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J Nat Med. 2011 Jul;65(3-4):544-50. doi: 10.1007/s11418-011-0538-6. Epub 2011 May 3.

Tinospora cordifolia attenuates oxidative stress and distorted carbohydrate metabolism in experimentally induced type 2 diabetes in rats.

Author information

1
Department of Biochemistry, Sri Ramachandra University, Chennai, 600116, India.

Abstract

Diabetes is a chronic metabolic disorder affecting a vast number of people worldwide. Oxidative stress is the causative agent amplifying diabetic complications in various organs by generating noxious amount of free radicals. A huge interest always exists in exploring nutraceuticals from plant materials to replace synthetic drugs in order to overcome their adverse effects and also for economic reasons. The anti-diabetic efficiency of a medicinal plant, Tinospora cordifolia (TC) was studied in experimentally induced type 2 diabetes in Sprague-Dawley rats. Diabetes was induced by a combination of high fat diet (HFD) for a period of 10 weeks followed by intraperitoneal injection of streptozotocin (STZ, 35 mg/kg of body weight). Oral treatment of TC (100 and 200 mg/kg body weight) for 14 days regulated blood glucose, provoked insulin secretion and also suppressed oxidative stress marker, thiobarbituric acid reactive substances (TBARS), formation and restored cellular defence anti-oxidant markers including superoxide dismutase (SOD), glutathione peroxidase (GPx) and glutathione (GSH), in liver. Treatment with TC (100 and 200 mg/kg) also inhibited glucose 6-phosphatase and fructose 1,6-diphosphatase (p < 0.001); and restored glycogen content in liver (p < 0.005), which was also studied by histopathological staining with periodic acid-Schiff stain. In conclusion, the traditional plant Tinospora cordifolia mediates its anti-diabetic potential through mitigating oxidative stress, promoting insulin secretion and also by inhibiting gluconeogenesis and glycogenolysis, thereby regulating blood glucose.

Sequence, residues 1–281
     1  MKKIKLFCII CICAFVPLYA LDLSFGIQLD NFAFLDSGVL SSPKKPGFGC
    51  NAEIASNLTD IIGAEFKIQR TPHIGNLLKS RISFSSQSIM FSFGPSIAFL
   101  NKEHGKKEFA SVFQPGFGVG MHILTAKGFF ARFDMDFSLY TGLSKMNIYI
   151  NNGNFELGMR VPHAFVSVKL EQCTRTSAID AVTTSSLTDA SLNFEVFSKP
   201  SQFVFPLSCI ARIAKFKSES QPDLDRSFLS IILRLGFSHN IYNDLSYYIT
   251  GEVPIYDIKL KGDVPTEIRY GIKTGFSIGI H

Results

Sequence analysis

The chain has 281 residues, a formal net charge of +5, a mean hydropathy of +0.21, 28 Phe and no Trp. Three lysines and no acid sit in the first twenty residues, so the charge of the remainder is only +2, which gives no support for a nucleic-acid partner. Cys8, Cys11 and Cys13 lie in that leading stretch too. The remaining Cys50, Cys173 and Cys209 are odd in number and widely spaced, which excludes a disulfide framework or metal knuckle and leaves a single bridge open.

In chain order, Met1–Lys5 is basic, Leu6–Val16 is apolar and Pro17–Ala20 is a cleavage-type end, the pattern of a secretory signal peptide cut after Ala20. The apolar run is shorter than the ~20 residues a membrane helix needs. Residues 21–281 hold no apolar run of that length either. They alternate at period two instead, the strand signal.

PMID:
21538233
DOI:
10.1007/s11418-011-0538-6
[Indexed for MEDLINE]

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